perceptions of harm associated with tobacco use, increase perceptions that tobacco is socially acceptable, and encourage and sustain use of tobacco. Many marketing strategies have particularly focused on adolescents and young adults. There are gaps in the science concerning 1) how perceptions influence tobacco use among adolescents and young adults, including changes in patterns of tobacco use from initiation to regular use, cessation, relapse, product switching, or dual use; 2) the role of pro- and anti-tobacco messages on perceptions of new tobacco products such as e-cigarettes, cigarillos, smokeless tobacco, snus, dissolvables, compressed tobacco, and emerging products that come on the market during the course of this research; and 3) the specific mechanisms by which marketing messages change tobacco-related perceptions, perceived acceptability of the product, and tobacco use behaviors. Prospective, longitudinal studies using frequent assessments and comprehensive measures of tobacco use, perceptions and marketing are needed to provide specific scientific evidence about how marketing shapes decisions to use and stop using different tobacco products. This information will inform FDA regulation of the marketing and promotion of conventional, new, and emerging tobacco products. This study will fill gaps in the science base by developing and testing a comprehensive model concerning the relationships among pro- and anti-tobacco marketing messages, perceptions of tobacco risks and benefits, perceived product acceptability, and patterns of tobacco use among adolescents and young adults. We will address these gaps and develop and test our model by using a longitudinal cohort design with a sample of 1,000 ninth graders followed through high school and another sample of 1,000 twelfth graders followed into young adulthood to 1) determine adolescents’ and young adults’ perceptions of risk for disease, addiction, and death; acceptability; and benefits of using conventional, new, and emerging tobacco products that come on the market during the course of this research; 2) determine the predictive relationships among perceptions of tobacco-related risks, benefits, and acceptability of tobacco products, and the onset, continuation, cessation, relapse, switching, and dual use of tobacco products; and 3) identify contextual factors (exposure to pro-tobacco media, anti-tobacco media, warning labels, and smoking images in the media and on the Internet) that influence perceptions of risks, benefits, acceptability, and subsequent tobacco use.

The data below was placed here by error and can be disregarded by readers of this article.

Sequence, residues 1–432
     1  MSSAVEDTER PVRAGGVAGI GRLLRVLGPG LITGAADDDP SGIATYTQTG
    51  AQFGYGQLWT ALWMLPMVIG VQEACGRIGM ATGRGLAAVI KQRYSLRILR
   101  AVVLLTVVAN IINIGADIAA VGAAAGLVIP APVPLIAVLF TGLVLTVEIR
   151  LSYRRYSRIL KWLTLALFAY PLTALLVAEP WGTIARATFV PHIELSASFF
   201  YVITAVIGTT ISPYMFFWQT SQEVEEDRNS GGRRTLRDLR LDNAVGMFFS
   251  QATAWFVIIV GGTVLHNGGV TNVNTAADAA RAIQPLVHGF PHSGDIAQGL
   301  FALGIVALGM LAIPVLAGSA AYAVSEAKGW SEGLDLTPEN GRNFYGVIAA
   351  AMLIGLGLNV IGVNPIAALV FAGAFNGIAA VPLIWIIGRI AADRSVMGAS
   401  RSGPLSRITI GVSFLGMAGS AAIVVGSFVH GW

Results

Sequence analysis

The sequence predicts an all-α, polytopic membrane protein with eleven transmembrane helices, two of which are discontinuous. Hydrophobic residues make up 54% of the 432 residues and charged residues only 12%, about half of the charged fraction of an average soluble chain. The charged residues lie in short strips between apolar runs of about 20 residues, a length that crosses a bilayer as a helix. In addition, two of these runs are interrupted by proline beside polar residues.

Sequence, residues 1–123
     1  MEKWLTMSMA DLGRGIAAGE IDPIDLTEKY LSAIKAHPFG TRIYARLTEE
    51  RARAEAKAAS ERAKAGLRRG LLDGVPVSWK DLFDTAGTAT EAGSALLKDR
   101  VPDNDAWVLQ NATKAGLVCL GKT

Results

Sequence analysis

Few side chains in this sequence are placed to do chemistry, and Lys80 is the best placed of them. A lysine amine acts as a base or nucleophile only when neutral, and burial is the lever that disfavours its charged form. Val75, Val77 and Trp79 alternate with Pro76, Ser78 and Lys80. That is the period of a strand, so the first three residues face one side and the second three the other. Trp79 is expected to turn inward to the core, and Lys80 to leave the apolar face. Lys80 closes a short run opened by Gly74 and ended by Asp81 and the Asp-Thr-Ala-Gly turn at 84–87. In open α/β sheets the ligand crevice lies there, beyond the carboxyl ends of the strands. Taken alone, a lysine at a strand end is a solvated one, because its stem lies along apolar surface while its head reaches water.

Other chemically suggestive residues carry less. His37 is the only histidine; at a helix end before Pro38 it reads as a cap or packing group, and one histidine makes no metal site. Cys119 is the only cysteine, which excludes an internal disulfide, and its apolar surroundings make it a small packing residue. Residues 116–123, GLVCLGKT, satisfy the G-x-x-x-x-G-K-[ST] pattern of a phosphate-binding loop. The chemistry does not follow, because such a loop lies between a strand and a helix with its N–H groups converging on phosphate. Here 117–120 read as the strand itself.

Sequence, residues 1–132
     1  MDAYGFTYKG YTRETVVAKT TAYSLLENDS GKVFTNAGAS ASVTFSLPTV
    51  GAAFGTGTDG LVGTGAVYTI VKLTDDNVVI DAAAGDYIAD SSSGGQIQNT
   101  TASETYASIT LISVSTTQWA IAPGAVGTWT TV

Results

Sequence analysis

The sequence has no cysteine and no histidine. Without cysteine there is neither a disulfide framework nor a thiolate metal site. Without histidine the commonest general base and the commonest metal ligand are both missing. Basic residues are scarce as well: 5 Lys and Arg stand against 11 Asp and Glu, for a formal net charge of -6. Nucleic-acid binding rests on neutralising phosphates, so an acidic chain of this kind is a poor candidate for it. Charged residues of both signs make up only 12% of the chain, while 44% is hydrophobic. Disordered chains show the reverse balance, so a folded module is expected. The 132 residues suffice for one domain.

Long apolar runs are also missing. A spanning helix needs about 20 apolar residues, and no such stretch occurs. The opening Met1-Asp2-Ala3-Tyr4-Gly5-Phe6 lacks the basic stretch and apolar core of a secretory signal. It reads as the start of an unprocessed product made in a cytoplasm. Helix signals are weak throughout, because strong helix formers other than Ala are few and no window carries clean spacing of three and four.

Margaret Walsh, EdD, Neal Benowitz, MD, and Stuart Gansky, DrPH, MS
Project 3: Tobacco Use among Rural High School Males and Associated Nicotine and Carcinogen Exposure